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In the last years you were skiing and climbing a lot and had also some serious injuries – what are your plans for the near future?
I will continue to vary my activities with the season (skiing in winter; climbing, biking, and running in summer), but I hope to continue to be able to run pain-free and consistently. I’m not done racing ultras, I plan on doing more going forward. Competition is personally very rewarding for me.
Outdoor and running – two topics that come closer to each other in the last years. At least that is something what the industry tells us. Do you think this is just an industry hype or a real thing?
For me, running is simply an effective way to move efficiently and self-sufficiently in the outdoors. I love the simplicity and utility of it. So, yes, it makes sense that it would be combined with other outdoor activities - climbing, biking, skiing - to tackle interesting objectives in the mountains. There is no need to limit an activity by trying to define it. Don’t stifle inspiration and creativity with a label.
Outdoor Star Anton Krupicka and Facebook: It's a mystery
You are very popular, you have over 100.000 Followers on Facebook, have you ever wondered that you as a trail runner have more fans than some Olympic Champion for instance?
Of course I have wondered about this. I don’t know the answer.
Where does your success/popularity come from, what do you think?
Like I said above, I don’t know. It’s a mystery to me, too.
How do you “take care” of your fans and followers?
I don’t. Through social media, I offer a window into a part of my daily life. People are free to follow along or not.
When over 100mi deep late in the afternoon on one of the first properly warm days of the season, it's the little things...Posted by Anton Krupicka on Saturday, May 13, 2017
Do you think it is sometimes a burden to have all those fans and to be so popular?
Sometimes I wish I were a little more anonymous. I’m naturally an introverted, low-key person. It is sometimes uncomfortable to be recognized all the time. But, that recognition also allows me to enjoy a certain lifestyle as a sponsored athlete, so I can’t be too bothered by it.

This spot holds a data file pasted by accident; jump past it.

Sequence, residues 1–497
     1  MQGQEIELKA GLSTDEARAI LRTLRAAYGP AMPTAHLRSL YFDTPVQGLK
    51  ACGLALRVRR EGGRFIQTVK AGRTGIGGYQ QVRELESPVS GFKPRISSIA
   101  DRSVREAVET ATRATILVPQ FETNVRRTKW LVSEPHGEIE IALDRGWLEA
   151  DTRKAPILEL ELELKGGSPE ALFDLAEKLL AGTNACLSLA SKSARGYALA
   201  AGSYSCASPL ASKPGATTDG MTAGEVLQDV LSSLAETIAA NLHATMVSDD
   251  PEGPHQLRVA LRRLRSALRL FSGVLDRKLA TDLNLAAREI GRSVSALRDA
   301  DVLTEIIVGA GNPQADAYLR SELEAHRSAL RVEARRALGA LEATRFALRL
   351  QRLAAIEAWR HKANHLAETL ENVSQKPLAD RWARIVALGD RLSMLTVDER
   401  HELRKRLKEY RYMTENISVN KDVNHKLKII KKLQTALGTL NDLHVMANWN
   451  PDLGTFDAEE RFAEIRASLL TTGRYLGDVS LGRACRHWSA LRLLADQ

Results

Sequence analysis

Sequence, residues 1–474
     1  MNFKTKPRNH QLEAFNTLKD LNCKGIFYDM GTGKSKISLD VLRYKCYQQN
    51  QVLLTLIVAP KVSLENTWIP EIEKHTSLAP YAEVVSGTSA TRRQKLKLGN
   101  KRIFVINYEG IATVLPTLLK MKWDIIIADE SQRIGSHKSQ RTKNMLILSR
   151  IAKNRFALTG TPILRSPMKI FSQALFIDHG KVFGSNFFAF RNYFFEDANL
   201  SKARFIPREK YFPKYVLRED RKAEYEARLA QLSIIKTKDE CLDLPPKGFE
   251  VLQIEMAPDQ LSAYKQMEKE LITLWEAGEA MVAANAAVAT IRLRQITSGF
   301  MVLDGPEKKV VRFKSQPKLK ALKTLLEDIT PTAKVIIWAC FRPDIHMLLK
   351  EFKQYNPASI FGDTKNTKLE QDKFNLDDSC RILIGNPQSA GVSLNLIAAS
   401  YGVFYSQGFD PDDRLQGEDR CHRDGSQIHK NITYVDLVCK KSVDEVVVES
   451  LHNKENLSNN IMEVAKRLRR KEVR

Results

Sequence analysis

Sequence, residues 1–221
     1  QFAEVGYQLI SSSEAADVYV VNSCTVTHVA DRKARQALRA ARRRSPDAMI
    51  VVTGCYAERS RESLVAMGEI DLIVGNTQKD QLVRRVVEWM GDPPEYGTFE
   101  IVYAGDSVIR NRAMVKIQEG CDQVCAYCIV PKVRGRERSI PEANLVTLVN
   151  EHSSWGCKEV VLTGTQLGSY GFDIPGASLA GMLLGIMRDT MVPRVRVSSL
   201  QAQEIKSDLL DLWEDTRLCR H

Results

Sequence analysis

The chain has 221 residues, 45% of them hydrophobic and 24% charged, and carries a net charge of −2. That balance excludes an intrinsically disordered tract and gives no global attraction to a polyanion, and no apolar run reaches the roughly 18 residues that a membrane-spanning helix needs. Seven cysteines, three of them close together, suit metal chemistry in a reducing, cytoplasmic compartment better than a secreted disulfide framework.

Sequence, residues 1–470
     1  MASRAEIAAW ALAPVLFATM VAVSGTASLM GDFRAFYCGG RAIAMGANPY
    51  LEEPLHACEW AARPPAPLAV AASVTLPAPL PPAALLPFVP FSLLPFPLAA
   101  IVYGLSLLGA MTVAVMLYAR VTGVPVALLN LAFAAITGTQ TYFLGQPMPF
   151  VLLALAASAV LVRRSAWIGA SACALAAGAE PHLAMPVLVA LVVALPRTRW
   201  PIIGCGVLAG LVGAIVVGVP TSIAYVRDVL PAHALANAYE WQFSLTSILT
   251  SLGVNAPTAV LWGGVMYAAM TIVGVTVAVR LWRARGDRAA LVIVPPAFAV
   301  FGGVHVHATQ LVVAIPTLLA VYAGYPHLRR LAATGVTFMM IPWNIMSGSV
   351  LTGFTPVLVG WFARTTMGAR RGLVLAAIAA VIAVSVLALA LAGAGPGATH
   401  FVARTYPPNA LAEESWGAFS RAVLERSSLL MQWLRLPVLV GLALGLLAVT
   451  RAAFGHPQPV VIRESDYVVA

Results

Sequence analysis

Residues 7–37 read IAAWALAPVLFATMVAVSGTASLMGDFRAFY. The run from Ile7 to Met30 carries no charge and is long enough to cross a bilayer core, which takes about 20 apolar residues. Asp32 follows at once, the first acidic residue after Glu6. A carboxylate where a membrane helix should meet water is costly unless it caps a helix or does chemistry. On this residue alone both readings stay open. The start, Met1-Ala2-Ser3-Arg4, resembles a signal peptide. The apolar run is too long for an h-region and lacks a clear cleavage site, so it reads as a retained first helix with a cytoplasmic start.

Trail Running and Sponsors
What characterizes a good sponsor?
I have to believe in the products and in the company practices. The company’s marketing has to feel true to me. If these things are in place, then it is a natural fit and we can usually form a mutually beneficial relationship.
What can sponsors do for athletes?
Provide equipment, promote them as individuals. In return, athletes endorse their products exclusively and help with product development.
What are you planning to do after your trail-running-career?
Possibly work in the outdoor industry. Possibly do something completely unrelated.
Running Distance isn't the point
The races tend to become longer and longer and more extreme, what do you think where does the development lead to?
I don’t think longer necessarily equals better. For me, the 100 mile distance has always been a nice upper limit. It is very difficult - much more challenging than something I could ever do in training - but it doesn’t require months of recovery afterwards. If you run correctly, a one-mile race can be just as challenging as a 100 mile race. The distance isn’t the point, the point is rather to challenge yourself, prepare for that challenge, and then try your hardest.
Run wherever you like
Looking back which run was the most exciting in the last time?
I don’t have a most exciting run. The most exciting run for me is the one I just did and the next one that I get to do.
What are the best places to run for ultra-runners and trailrunners?
The best place to run is where ever it is most convenient for you. It doesn’t matter where you run, only that you gain satisfaction from it and make it a consistent practice.
Another unconventional runner: Florian Neuschwander about the most beautiful ultra marathons in the world >>>